Black Rat Perry (Medium sweet perry 7.5%)
Their description: A fruity pear cider - dangerously drinkable. Go steady - this is a rocket fuel (seen the description rocket fuel a few too many times in the drinking guide, shows a certian lack of imgination. -Ed.)
Phillip says: $2 hooker; goes easy!


Vale of Welton: (Medium Sweet 4.8%)
Their description:Champion cider of the 2015 Northampton County Beer Festival - alcoholic apple juice.
Gemma says: Reminds me of Mary Poppins - its watered down medicine with a spoonful of sugar.

Aberhalls (Medium 6%)
Their description: A heady aroma of fresh crushed apples, light golden in colour, crisp and refreshing with a lingering fruitiness.
Phillip says: radioactive orange squash
Gemma says: fuck, my parents are [waiting for me to give them a lift] at the airport.


Gemma sees multiple missed calls on her phone confirming that she had in fact forgotten that she was supposed to give them a lift from the airport to their car that was parked at her house with keys inside the house.

Moonshine (Medium Sweet 7.5%)
Their description: Rocket fuel in aglass - go steady as this is dangerously drinkable.
Phillip says: Fuckin' disappointed, sharp taste but will drink it because I bought it. (this sentiment was shared by the teenagers sitting next to us at the time as well).

Apparently it is customary at any drinking event for Gemma to wear the contents of someone else's beverage. In this instance there is a slight potential that my pint was launched in an act of self-preservation. Apparently, I managed to single handedly topple my full-bench seat whilst leaning on it at a precarious angle (citation needed). It was gratifying, if somewhat patronising, that so many people who were barely able to stand themselves came to my rescue. None of these chivalrous gentlemen helped dry my pint off Gemma.

 Phillip missed this photo as he has fallen over again.

Sunday, July 30, 2017

Ballooning in Metz

Less than I week after returning from Poland, Gemma and I once again packed our bags this time heading towards Metz: near the French/German border. Why? We were going to the Mondial Air Balloons: the biggest ballooning festival in Europe!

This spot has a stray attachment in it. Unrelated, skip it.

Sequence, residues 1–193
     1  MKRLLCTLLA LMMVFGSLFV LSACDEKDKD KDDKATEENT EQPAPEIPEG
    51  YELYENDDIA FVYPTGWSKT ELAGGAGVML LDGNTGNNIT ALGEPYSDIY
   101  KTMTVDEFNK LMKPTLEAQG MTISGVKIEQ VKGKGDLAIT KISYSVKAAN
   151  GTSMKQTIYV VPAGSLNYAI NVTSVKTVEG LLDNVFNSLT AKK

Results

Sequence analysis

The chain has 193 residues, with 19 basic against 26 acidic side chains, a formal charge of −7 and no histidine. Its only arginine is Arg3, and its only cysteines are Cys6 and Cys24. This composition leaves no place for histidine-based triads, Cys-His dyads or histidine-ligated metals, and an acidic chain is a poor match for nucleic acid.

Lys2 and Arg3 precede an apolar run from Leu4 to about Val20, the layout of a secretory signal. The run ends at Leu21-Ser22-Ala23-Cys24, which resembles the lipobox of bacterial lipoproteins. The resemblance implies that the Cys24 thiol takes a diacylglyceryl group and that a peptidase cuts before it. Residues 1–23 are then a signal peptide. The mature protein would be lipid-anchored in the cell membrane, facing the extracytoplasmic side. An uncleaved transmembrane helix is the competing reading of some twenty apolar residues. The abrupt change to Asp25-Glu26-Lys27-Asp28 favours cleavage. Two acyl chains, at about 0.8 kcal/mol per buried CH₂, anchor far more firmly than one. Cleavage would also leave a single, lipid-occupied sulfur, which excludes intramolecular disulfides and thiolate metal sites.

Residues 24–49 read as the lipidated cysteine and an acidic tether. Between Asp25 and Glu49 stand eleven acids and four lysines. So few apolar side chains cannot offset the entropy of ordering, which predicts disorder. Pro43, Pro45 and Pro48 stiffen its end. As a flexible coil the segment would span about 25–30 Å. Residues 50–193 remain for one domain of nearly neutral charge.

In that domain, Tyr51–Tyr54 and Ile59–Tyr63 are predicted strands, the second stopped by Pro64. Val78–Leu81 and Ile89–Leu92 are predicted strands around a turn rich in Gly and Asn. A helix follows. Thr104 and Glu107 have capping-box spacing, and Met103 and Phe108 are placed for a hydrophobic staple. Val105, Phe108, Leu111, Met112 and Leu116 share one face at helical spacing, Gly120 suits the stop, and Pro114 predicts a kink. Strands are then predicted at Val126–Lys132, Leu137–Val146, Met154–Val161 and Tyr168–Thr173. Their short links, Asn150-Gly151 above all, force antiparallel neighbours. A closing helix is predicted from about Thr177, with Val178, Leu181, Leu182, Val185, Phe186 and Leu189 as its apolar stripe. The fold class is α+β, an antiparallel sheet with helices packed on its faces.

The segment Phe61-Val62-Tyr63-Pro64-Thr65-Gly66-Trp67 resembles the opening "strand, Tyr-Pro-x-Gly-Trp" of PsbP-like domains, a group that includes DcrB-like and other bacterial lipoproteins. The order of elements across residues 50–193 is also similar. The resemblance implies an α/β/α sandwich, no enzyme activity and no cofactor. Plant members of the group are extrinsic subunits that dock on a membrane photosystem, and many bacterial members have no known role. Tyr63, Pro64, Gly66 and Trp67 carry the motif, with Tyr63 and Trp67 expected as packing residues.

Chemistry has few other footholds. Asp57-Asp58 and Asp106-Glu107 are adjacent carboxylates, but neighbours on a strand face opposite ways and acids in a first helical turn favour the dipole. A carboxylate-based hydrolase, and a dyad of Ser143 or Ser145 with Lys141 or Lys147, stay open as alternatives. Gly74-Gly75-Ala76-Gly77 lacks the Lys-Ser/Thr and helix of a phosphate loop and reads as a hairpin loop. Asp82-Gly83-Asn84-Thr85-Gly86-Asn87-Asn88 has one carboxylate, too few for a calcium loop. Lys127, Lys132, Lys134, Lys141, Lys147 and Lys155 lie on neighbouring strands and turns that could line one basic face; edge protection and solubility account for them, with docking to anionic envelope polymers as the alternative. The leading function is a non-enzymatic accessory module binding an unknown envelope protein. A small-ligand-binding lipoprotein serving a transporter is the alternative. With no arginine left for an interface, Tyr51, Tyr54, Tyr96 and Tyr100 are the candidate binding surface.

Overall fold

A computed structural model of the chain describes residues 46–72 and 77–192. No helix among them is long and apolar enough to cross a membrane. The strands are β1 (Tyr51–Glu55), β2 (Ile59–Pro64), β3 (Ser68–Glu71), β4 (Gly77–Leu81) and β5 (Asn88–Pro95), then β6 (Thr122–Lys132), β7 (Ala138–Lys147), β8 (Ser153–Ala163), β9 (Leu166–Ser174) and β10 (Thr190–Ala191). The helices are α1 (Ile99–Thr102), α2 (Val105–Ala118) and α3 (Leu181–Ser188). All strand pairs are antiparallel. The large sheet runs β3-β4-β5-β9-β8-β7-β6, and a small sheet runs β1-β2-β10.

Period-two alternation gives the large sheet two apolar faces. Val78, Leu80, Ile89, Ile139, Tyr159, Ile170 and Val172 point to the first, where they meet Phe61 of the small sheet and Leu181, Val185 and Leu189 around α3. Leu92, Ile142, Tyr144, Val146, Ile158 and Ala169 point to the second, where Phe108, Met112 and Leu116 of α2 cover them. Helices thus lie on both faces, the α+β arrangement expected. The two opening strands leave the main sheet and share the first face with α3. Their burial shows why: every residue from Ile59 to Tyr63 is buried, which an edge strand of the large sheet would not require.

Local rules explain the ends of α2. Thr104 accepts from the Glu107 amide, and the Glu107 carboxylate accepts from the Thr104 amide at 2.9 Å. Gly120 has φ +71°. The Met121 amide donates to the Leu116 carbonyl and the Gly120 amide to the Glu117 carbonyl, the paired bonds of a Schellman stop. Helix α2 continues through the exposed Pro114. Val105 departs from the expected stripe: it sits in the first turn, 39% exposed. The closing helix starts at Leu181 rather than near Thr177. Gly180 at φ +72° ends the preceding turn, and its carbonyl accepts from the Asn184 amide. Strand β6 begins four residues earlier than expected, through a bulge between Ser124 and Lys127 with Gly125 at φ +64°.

With this traffic we'll nevner make it in time.
With flights every morning and evening every day of the event my calendar is absolutely crammed with flights, or at least there would have been lots of flights if the weather had have been a tinsy bit better (unfortunately poor weather and holidays seems to go hand in hand in Europe).
 Baiky's first flight!
We flew on the first morning, but alas, Steve, our pilot, was not confident in the weather conditions to go up again whilst Gemma and I were there. Personally I think he was just embarrased about the, ah, shall we say 'bumpy', landing on our first flight. That said, it is much easier to pack up a balloon if it is already prone on account of its landing.
We're here, just drinking beer (without a fear).
Probably a good decision after hearing about the balloon that 'gift-wrapped' a tree on the second day. Weather can be fickle, and even the clear looking skies on the photo above were considered insalubrous for flying.
Baiky managed to score two flights! Seriosuly, though, miniture balloons were hanging in trees in villages for miles around.
However, while we were defeated by strong winds, rain, and poor wind direction ballooning is about more then just flying (especially because it is well-documented I am not overly comfortable in the air.). It is also about drinking, eating, culture, and eating culture.
Balloons preparing for flight.
During our days not flying we visited Metz with its huge cathedral, an excellent art gallery (I did not attend visit), and free wifi well suited to watching round 17 of the AFL (only I participated in this particular activity). 
Minions are bloody everywhere.
Outside of Metz we visited a US WWII cemetery, enjoyed a free sound light show (more commonly known as thunder and lightning), and we also ate bread and cheese; lots and lots of bread and cheese. 
Our ballooning team for the first weekend. 1 flight, 5 blocks of milka, 6 cases of beer, 20 baguettes, and a (laughing) cow's worth of cheese.
I am of the understanding that the world record for the most balloons taking off at the same time was broken with nearly 450 taking off. This, quite clearly, happened after Gemma and I had returned home.
 Gemma got artsy, capturing balloons in glasses.
This was my first international ballooning festival, and to be honest, despite the lack of flying, I throroughly enjoyed it. The tent leaked a bit, but it was mostly on Gemma, and we did not fly much, but flying scares me, so overall I am earnestly anticipating the next one. Who else is up for Warsteiner 2018?